The Senate Finance Committee spread dollars related to housing across more types of programs than the House or the Governor’s versions of the State Budget, while appropriating the same $45 million in additional, one-time spending as the House and less than the $55 million proposed by the Governor. The Committee proposed lowering the Affordable Housing Fund’s appropriation from the House’s $30 million to $20 million, and trimmed the InvestNH Fund’s contribution from $15 million to $10 million. The InvestNH Program would also be expanded to include grants to developers, which the House had not included; the Committee also added requirements for a minimum amount of housing in funded projects to be affordable to occupants under certain income levels.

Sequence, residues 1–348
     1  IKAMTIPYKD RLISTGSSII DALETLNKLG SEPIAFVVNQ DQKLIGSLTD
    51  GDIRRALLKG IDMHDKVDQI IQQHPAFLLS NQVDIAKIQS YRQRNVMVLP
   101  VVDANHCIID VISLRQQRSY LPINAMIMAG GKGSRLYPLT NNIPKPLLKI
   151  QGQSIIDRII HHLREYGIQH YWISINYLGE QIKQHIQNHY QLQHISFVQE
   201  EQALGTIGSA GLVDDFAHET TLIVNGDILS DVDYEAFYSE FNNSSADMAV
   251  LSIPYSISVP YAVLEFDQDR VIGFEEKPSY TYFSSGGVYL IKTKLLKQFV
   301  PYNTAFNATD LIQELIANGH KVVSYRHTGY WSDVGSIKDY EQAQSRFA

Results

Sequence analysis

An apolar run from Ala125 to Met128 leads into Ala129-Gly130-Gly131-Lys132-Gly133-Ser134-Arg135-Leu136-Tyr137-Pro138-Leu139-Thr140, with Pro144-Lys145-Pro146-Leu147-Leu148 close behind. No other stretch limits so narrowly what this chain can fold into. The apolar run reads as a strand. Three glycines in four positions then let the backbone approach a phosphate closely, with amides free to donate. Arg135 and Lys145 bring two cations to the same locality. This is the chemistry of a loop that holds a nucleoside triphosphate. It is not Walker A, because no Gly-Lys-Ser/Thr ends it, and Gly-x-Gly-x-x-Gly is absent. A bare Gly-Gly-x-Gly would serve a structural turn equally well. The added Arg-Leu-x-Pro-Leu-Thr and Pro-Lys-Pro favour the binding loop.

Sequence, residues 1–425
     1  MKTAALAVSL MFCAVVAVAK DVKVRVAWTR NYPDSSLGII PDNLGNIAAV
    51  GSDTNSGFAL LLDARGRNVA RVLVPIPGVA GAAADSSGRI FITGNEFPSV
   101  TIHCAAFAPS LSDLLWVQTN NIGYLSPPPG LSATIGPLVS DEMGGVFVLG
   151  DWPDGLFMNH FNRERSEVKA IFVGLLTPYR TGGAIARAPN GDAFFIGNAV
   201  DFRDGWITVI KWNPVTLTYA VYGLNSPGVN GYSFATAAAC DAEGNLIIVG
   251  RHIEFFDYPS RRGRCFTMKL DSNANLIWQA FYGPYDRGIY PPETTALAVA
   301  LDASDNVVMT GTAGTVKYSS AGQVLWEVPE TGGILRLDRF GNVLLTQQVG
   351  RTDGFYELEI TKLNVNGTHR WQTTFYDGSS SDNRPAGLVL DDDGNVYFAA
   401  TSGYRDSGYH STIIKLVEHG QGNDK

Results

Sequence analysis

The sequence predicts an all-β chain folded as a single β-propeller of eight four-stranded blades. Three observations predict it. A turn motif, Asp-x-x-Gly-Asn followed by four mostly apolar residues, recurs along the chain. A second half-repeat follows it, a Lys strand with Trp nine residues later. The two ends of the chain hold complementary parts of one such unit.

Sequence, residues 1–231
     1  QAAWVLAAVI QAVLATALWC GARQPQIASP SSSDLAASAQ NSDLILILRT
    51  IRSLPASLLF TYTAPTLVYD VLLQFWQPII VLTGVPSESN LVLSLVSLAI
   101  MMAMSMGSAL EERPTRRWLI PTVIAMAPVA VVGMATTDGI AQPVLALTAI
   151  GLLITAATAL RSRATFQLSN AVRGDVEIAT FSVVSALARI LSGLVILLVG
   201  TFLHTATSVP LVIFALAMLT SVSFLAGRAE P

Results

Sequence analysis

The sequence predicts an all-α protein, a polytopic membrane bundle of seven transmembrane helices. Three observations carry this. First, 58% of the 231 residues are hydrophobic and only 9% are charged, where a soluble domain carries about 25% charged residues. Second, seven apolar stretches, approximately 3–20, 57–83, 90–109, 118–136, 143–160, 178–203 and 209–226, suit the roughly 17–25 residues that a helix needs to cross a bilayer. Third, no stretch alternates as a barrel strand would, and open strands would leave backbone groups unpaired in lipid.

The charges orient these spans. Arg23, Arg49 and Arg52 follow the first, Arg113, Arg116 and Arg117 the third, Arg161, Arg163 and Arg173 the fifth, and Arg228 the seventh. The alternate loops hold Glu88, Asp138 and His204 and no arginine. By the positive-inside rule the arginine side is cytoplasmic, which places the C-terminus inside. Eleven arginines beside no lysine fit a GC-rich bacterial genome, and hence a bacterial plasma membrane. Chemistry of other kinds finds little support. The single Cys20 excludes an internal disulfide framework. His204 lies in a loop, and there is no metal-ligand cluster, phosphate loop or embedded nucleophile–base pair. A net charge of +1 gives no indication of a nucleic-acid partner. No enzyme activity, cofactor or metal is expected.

The Committee’s budget proposes establishing the New Hampshire Housing Champion Designation and Grant Program, which would incentivize municipalities to undertake certain land use and zoning changes, perform water and sewer upgrades, and support walkability and transportation infrastructure to promote workforce housing. This program would be funded with a $5 million appropriation, which is considerably less than the $29 million that was proposed in a separate Senate bill that would have established similar programming.

The Committee would also appropriate $10 million to the New Hampshire Department of Health and Human Services for housing-related purposes, including $8 million to increase public reimbursement rates paid to shelter programs and $2 million to support homeless shelters, cold weather shelters, hotel stays, and other shelter alternatives.

Separately, the Senate Finance Committee also voted to fund congregate housing, provided in part through Medicaid, with a $1.5 million appropriation.

Local Public Education Funding